House Judiciary Committee chair Bob Goodlatte (R-Va.) isn’t ready to abandon the investigation into Hillary Clinton’s use of a private email server as secretary of state, which was completed under the Obama administration Department of Justice’s purview.
In contrast with Republicans in the Senate, Goodlatte has steadfastly ignored the committee’s obligation to provide oversight to the ongoing investigation into Russian interference in the 2016 presidential campaign, Trump’s decision to fire former FBI Director James Comey, and his treatment of Attorney General Jeff Sessions. This has left House Democrats with the strange feeling of wishing Senate Judicial chair Chuck Grassley (R-Iowa) had influence in the House.
“We’ve got to give Grassley and the Senate credit,” Luis Gutierrez of Illinois, a House Judiciary Committee Democrat, said at a hearing last week. “They are not over there denying the reality of what is going on.”
Goodlatte doesn’t see the point of joining in an investigation that is already underway and has made it his goal to make sure Clinton’s nefarious activity isn’t forgotten amidst all the talk about Trump. Last week, House Judicial Democrats tried to pass a resolution demanding more information on Sessions’ role in the Comey firing but were refuted by Goodlatte, who, in turn, crafted the resolution into a request for new probes on Clinton.
Goodlatte has “done zero – absolutely zero — as chairman to look into these things,” Jerrold Nadler of New York, a Democrat on the House Judiciary panel, said in an interview. “Certainly, Senator Grassley doesn’t agree with that thinking.”
Goodlatte denied Bloomberg’s request for an interview but made remarks last week on House Judicial Committee participation in the Russia probe.
“Until Mr. Mueller’s investigation is complete, it is redundant for the House of Representatives to engage in fact-gathering on many of the same issues he is investigating,” Goodlatte said at a hearing last week.
Further comments betray his true status as a Trump teamer. He said there is no reason for his panel to use “taxpayer dollars to investigate the Trump campaign’s connections — or lack thereof — to the Russian government.”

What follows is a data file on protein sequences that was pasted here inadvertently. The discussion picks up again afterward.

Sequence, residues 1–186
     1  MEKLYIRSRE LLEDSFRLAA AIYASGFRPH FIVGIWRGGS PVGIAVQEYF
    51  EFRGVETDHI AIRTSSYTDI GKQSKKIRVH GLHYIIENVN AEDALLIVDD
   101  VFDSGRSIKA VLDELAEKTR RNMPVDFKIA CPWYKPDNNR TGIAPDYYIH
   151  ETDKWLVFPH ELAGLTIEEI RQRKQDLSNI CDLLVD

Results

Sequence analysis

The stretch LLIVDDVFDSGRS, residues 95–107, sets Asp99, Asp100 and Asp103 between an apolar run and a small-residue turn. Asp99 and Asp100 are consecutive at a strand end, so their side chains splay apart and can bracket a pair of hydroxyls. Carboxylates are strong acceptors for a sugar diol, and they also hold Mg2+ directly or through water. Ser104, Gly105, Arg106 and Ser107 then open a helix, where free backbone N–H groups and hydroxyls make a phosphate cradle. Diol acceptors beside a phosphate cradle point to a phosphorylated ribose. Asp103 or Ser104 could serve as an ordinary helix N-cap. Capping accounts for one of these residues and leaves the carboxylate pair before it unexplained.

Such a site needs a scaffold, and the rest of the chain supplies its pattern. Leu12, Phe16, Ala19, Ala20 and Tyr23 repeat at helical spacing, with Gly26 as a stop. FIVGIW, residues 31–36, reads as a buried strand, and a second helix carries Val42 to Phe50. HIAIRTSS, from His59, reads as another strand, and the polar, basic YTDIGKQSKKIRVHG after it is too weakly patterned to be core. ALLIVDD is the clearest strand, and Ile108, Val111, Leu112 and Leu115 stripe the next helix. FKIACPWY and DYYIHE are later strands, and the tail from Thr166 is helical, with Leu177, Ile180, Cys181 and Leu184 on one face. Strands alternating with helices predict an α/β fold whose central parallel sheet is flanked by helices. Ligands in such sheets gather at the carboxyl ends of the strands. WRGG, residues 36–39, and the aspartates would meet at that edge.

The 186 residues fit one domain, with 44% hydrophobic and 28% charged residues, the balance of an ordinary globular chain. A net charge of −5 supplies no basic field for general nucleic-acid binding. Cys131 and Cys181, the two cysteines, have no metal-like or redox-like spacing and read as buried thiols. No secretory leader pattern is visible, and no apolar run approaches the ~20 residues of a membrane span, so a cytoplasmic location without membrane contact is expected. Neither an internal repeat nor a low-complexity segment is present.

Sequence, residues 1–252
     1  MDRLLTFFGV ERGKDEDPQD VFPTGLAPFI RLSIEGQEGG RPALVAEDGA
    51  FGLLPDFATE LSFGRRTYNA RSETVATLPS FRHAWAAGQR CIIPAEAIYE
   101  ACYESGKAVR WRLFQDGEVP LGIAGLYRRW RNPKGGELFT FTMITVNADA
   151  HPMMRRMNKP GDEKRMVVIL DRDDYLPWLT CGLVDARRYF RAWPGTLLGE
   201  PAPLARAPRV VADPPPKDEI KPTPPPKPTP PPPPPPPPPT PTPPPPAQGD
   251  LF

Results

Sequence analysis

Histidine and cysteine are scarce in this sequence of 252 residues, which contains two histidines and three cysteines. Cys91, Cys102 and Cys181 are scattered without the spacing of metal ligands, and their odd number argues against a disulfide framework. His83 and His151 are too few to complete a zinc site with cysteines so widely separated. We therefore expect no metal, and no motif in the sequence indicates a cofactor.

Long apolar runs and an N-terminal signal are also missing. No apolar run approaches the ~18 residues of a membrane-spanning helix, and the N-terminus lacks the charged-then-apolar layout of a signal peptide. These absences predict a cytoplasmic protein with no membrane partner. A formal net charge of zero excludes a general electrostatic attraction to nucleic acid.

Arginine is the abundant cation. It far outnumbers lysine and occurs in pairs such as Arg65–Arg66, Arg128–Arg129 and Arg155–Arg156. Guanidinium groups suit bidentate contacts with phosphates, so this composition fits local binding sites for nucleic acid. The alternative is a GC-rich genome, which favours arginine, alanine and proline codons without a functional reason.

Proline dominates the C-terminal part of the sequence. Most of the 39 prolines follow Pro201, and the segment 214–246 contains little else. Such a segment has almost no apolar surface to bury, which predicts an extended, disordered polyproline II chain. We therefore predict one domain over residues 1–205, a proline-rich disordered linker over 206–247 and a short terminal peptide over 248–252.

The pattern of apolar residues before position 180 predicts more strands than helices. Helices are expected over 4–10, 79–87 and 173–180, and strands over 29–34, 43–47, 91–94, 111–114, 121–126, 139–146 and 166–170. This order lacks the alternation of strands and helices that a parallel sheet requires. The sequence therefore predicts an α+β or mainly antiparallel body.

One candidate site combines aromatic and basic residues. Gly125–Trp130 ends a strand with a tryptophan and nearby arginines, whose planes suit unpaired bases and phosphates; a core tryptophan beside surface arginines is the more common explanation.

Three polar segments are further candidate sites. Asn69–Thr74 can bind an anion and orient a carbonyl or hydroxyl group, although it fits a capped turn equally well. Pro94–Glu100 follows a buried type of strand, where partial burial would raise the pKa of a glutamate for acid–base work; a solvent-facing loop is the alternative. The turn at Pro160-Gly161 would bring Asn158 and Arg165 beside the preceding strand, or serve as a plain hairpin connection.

Conversely, the Senate Judiciary and Intelligence committees seem to have dedicated all of their time to the Russia probe, holding numerous testimonies, including the upcoming testimony of Donald Trump Jr. regarding a June 2016 meeting between Trump campaign officials and Russian nationals.
The contending intentions of the two Republican controlled bodies speaks to the growing rift within the Party, which Bloomberg reporter Billy House characterizes as being “torn between protecting a Republican administration from partisan attacks and conducting defensive oversight in case significant wrongdoing emerges.”
Along with Trump, Goodlatte has been firmly on the side of protecting the administration from partisan attacks, leading his committee to pen a letter to Sessions requesting the hiring of a second special counsel in light of “troubling, unanswered questions” about Clinton and the politicization of officials working for Mueller.
“Many congressional entities have been engaged in oversight of Russian influence on the election, but a comprehensive investigation into the 2016 presidential campaign and its aftermath must, similarly, be free of even the suggestion of political interference,” they wrote. Conversely, House Speaker Paul Ryan has spoken to the depoliticizing effect of such probes and has defended Mueller.
The result has been the creation of hybrid, bipartisan, shadow coalitions stemming across the two congressional bodies, with Trump-centric Republicans in the House siding with the president in his conflict with Attorney General Sessions and his delegitimization of the Russia probe, and Senate Republicans remaining loyal to Sessions and emphasizing the probe, while garnering the support of congressional Dems in both houses.
John Conyers of Michigan, the top Democrat on the House Judiciary committee, said of Trump’s attacks on Sessions: “Whatever we think about the political views of Attorney General Sessions, this conduct is not right. It is not normal. And it deserves the immediate attention of this committee.”
Senator Linsey Graham (R-S.C.) is working alongside Democratic leaders such as Sen. Corey Booker (R-N.J.) to craft legislation preventing Trump from firing Sessions or special counsel Mueller.
But Goodlatte does have the support of his fellow Republicans in the House, and, while he breathes, the possibility of a re-opening of the Clinton investigation persists.
“The Democrats make sure that just about all we talk about in Judiciary is Russia — even though they don’t even know how to find Russia on the map,” said Rep. Trent Franks of Arizona in an interview. “They just want to use it as a political bludgeon against Trump.”
Since her failed presidential campaign came to an end last November, Clinton has been keeping herself busy promoting t-shirts for Planned Parenthood.
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